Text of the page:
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Winston’s War: Churchill, 1940–1945

by Max Hastings, Alfred A. Knopf, New York, 2010, $35

It’s not as though the world was screaming for another book about Winston Churchill, least of all about his role in World War II. With the possible exceptions of Abraham Lincoln and John Kennedy, there is no more exhausted biographical subject than Britain’s wartime prime minister.

Yet Max Hastings, the esteemed British journalist and military historian, meanders down this well-trodden path with his new Winston’s War. And while the former Daily Telegraph editor hasn’t really found much new to tell, his lively, opinionated volume is worth a read simply for the author’s profound knowledge of the topic and decisive judgments on the great questions of the period.

If anyone could find something new to say about Churchill’s tenure, it would be Hastings. His seven books on the period include Armageddon: The Battle for Germany, 1944– 1945 and Retribution: The Battle for Japan, 1944–1945.

Hastings’ portrait of Churchill is complex. Behind the brilliant rhetorician the author perceives a heroic figure with human flaws—meddlesome, easily distracted, temperamental and a poor judge of advisers. Hastings highlights how Churchill’s closest aides often wearied of him, and how Brits and Americans alike questioned his usefulness as the conflict wore on and the PM dallied in ill-advised adventures in the Eastern Mediterranean.

It’s a given that Churchill’s own “finest hour,” to borrow his term, was his ability to rally the British Empire when it stood alone against Germany. Yet in Hastings’ eyes, two other strategies Churchill pursued paid critical dividends in the Allied effort.

Churchill was among the first to realize that to win the war, Britain must convince the United States that a Nazi defeat was in its strategic interests. The lobbying began years before Pearl Harbor or Churchill’s famous 1941 Christmas at the White House.

Second, Hastings argues that Churchill’s deep understanding of Allied military weaknesses drove him to delay the invasion of northern Europe until 1944, despite American enthusiasm for an earlier assault. “On the issue of the Second Front, [U.S. Army Chief of Staff General George] Marshall’s judgment was almost certainly gravely mistaken,” Hastings writes. “The 1942 strategic view adopted by Churchill and [Chief of the Imperial General Staff Alan] Brooke was right.”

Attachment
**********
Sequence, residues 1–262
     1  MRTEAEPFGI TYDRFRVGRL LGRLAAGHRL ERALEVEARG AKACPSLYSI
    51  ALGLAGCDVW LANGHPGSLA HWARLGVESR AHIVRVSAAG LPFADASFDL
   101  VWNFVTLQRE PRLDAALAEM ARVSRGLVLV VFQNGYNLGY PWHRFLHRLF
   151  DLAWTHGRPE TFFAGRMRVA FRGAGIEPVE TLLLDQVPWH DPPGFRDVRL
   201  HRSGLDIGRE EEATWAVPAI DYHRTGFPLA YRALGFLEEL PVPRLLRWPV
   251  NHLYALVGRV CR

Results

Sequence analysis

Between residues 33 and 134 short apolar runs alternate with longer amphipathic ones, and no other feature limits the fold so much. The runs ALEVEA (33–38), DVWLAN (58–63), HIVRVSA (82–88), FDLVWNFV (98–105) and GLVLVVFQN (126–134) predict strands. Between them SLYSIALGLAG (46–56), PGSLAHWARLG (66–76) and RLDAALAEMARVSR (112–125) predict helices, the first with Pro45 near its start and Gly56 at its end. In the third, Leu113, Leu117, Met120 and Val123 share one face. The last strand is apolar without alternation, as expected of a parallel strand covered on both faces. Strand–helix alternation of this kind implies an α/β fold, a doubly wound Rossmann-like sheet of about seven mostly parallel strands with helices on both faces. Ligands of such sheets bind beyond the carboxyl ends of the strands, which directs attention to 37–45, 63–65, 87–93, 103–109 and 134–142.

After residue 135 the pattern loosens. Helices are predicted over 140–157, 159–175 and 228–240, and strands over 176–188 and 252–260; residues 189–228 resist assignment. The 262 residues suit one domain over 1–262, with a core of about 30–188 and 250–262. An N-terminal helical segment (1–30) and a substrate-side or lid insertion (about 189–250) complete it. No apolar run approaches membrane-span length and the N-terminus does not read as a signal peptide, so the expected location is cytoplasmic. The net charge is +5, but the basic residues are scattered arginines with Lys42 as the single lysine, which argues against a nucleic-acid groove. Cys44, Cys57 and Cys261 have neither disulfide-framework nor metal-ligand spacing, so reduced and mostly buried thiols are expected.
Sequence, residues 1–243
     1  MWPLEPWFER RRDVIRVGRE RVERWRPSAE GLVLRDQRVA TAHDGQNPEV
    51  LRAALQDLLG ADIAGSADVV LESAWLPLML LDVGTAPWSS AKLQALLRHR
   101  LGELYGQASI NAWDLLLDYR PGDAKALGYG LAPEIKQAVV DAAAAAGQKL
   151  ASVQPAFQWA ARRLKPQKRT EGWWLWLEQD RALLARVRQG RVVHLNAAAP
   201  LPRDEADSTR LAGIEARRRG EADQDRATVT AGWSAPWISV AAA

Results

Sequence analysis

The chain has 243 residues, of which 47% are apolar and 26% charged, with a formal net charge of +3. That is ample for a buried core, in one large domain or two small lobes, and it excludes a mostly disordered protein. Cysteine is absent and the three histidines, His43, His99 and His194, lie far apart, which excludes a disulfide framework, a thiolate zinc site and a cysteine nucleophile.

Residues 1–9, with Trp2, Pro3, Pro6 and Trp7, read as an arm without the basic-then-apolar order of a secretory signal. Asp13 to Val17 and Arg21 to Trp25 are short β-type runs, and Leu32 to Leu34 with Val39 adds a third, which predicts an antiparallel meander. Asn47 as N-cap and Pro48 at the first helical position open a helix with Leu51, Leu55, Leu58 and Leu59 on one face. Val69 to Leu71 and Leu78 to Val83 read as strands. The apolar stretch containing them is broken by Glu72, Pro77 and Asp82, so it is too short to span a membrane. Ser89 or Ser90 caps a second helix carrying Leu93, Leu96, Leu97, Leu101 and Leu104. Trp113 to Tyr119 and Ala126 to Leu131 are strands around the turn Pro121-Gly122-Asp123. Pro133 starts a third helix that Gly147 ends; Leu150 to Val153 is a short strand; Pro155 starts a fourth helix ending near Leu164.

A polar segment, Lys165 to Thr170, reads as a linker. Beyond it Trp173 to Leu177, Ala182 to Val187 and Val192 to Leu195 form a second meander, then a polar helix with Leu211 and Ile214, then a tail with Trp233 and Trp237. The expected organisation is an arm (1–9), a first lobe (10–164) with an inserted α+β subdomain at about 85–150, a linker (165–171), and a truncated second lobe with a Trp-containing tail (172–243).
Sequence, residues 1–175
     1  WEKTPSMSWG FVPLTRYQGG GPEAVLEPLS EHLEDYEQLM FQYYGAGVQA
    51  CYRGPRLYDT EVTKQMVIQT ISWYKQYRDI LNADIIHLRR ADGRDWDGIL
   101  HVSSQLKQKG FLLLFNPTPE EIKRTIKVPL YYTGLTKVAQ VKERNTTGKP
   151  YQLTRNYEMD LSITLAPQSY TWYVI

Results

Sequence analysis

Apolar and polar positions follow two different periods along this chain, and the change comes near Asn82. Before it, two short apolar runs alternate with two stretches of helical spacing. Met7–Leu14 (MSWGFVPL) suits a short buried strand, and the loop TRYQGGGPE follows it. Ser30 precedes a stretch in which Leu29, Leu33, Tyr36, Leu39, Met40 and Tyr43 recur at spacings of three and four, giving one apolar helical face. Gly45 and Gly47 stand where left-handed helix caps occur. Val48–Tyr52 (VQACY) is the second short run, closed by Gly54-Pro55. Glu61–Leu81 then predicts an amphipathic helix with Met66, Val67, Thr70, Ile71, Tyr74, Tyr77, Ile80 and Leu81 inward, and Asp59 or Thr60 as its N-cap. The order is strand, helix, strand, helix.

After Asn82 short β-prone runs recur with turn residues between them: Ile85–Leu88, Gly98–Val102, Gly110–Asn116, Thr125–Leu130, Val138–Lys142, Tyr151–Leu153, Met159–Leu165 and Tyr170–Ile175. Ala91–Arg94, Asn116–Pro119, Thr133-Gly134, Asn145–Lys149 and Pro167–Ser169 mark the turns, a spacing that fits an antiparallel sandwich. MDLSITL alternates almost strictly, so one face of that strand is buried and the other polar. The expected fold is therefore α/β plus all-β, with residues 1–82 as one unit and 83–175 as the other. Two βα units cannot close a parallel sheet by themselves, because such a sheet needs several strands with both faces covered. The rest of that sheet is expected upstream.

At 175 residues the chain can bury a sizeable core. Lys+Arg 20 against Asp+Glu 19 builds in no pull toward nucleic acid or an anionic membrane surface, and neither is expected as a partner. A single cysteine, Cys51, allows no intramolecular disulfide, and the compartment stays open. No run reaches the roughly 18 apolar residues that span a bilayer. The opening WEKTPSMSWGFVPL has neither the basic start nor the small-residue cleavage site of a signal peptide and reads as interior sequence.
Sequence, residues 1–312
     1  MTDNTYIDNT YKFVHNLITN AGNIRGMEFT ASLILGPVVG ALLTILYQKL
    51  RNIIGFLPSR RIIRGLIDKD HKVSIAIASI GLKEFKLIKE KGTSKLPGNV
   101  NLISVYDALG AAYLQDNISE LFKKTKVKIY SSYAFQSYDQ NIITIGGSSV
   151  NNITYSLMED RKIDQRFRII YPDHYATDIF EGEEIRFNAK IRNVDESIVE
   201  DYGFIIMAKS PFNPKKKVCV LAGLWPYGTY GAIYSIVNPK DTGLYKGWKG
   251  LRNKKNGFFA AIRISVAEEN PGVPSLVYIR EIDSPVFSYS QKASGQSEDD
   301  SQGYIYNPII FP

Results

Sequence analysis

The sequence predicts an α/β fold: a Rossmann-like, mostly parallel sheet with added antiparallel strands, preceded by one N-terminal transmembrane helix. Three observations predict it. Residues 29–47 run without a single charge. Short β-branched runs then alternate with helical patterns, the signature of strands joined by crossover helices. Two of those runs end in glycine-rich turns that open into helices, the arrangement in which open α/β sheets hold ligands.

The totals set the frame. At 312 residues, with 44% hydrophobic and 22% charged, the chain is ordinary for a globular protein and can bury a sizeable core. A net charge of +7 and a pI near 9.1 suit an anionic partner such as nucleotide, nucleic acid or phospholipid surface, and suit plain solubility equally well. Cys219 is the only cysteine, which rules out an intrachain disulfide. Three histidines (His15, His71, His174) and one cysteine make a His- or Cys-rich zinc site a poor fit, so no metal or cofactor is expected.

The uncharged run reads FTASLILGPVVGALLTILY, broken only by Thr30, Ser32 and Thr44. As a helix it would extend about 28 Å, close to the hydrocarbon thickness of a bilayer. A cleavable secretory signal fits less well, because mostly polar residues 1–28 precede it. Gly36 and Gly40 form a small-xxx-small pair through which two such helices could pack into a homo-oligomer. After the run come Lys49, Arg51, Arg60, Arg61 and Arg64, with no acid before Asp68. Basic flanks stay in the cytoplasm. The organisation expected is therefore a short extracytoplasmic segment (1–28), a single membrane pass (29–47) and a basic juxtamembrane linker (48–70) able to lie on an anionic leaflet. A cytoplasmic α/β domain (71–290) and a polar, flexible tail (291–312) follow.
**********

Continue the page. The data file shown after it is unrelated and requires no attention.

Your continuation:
This quote encapsulates Hastings at his best and worst. His knowledge of the period is exhaustive—every paragraph reveals a lifetime of research, and the sheer number of his primary sources is astonishing. Each quotation is perfect, honed to Hastings’ central message. But, like most English-language histories of World War II, the author adopts the prejudices of his home country. Winston’s War is definitely a British record of the period, and Hastings buys in to the belief that a European invasion launched from the United Kingdom in 1942 or 1943 would have failed miserably. He never, of course, explains why it took two-and-a-half years after Pearl Harbor to launch the invasion, and he doesn’t give the Roosevelt administration due credit for its financial and military aid to Britain, especially in 1940 and 1941. The author even makes the ludicrous claim that French and British arms purchases in 1938 and 1939 ended the Depression and spurred the wartime boom.

In fairness, a biography of Churchill by an English author would inevitably have such biases, and they constitute only a minor flaw in an otherwise profound and comprehensive work.


Originally published in the September 2010 issue of Military History. To subscribe, click here